Two Sample Test
Determines if two groups differ in distribution.
The grouping factor is put in the factor list. The statistical tests will determine if there is a differences between the groups on any of the variables in the 'Outcomes' list. The Groups can be specified using the Split button. Test options can be altered with the options button.
If the factor variable has two levels, the groups do not need to be defined, however, if the variable is continuous or has more than two levels, the two groups must be specified.
The plots dialog can be used to specify a plot summary.
- Show Box Plot - Indicated the display of the box plot.
- Show Points - Should jittered points be displayed.
- Scale variables - Should variables be standardized to mean 0 and variance 1.
- Alpha - the level of transparency
Equality of Means
The t-test tests whether two means are different from one another. Details of the procedure can be found here. By default the Welch t-test is performed, which doesn't require the assumption of equal variance. Clicking the test options allows one to change to the student's t-test, which does rely on the equal variance assumption. the Welch test requires that the sample sizes are sufficiently large, while the student's test requires that either the data be normally distributed, or the sample size is sufficiently large. Practically speaking, the Welch test performs well even at very small sample sizes when the data is normally distributed. Both tests are sensitive to outliers.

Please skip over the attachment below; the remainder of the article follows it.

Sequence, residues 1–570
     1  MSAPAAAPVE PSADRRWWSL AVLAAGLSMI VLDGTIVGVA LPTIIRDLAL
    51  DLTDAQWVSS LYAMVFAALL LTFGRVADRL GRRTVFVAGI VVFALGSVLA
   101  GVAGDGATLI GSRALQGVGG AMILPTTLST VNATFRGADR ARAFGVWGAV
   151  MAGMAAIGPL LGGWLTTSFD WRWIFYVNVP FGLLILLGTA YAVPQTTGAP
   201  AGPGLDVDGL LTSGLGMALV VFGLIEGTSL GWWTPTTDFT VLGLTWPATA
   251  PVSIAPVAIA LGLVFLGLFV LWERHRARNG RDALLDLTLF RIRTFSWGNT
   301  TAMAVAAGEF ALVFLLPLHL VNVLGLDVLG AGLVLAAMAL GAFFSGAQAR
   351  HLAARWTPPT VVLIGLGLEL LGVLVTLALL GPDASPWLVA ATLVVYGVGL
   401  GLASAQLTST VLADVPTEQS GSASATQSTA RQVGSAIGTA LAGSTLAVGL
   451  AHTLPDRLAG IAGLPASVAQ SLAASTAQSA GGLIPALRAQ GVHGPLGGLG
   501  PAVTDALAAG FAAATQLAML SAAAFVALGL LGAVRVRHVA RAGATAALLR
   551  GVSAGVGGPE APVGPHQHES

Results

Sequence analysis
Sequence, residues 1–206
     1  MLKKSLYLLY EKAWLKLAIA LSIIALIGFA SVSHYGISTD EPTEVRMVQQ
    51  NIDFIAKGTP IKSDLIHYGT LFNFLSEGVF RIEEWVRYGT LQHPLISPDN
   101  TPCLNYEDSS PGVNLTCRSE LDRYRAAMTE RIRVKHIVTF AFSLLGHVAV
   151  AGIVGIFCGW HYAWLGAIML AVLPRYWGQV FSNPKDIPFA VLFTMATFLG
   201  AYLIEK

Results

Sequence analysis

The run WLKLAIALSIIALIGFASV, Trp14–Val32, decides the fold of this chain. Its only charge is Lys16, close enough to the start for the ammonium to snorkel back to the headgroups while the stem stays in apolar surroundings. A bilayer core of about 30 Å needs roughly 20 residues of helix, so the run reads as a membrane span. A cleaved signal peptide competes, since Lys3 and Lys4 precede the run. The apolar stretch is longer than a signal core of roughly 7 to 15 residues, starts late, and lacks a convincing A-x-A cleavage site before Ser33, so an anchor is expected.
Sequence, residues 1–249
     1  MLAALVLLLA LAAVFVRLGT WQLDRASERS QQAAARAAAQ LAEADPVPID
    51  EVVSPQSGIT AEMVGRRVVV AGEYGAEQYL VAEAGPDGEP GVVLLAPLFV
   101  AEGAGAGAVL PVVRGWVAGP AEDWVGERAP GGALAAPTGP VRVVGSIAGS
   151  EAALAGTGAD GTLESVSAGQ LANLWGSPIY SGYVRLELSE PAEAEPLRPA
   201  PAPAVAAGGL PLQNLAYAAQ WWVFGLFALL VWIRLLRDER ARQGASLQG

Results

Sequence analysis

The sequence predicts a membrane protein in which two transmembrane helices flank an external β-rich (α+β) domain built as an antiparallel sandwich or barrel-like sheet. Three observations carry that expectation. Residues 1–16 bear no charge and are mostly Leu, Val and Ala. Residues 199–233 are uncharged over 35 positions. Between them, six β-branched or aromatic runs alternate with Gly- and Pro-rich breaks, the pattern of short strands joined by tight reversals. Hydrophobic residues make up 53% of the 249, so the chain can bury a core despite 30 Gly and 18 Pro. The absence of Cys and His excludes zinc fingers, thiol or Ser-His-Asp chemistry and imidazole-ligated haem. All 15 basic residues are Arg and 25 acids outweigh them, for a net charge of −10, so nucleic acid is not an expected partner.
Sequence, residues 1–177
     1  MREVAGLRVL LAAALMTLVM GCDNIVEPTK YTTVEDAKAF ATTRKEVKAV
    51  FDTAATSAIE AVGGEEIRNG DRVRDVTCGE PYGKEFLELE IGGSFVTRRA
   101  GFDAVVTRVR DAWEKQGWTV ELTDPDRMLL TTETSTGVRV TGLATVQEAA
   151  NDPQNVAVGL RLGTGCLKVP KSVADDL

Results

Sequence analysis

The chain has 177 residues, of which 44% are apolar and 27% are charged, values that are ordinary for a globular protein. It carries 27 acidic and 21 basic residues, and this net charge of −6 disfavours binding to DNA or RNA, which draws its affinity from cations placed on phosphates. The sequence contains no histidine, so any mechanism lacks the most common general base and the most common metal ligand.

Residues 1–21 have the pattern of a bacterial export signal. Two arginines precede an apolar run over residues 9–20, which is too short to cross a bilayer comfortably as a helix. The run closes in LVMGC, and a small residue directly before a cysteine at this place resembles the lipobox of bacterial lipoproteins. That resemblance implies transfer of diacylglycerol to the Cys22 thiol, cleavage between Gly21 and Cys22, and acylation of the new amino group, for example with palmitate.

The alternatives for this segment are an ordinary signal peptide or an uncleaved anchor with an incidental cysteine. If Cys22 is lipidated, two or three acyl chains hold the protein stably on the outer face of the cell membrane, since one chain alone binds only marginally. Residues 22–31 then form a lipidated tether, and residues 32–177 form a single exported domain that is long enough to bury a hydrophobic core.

Like the t-test, the permutation test compares the means of two samples. Unlike the t-test, the permutation test does not require that the samples be large, so long as the exchangeability assumption holds, which is a similar assumption to the equal variance assumption. If this assumption does not hold, the default permutation test, which permutes the t-statistic, still still be valid if the samples are large enough.
Unlike the t-test, which measures the difference between two groups as the difference between their means, tests of central tendency use a different measure called the area under the curve, or AUC. The AUC is defined as the probability that a random observation drawn from one group has a higher value than one drawn from the other group (plus 1/2 the probability they have exactly the same value). So, if the AUC=1/2, then an observation in one group is not more likely to be above the other group, and visa versa, implying that the two groups have the same central tendency.
The Wilcoxon test, also called the Mann-Whitney test, tests whether the area under the curve is not equal to 1/2. It assumes that there is a sufficiently large sample, and exchangability.
This test is the same as the Wilcoxon except that it does not require the exchangability assumption.
Tests whether two groups have the same probability distribution. Differences in distribution can manifest in any manner, such as different means, standard deviations, or skew. Requires a sufficiently large Sample.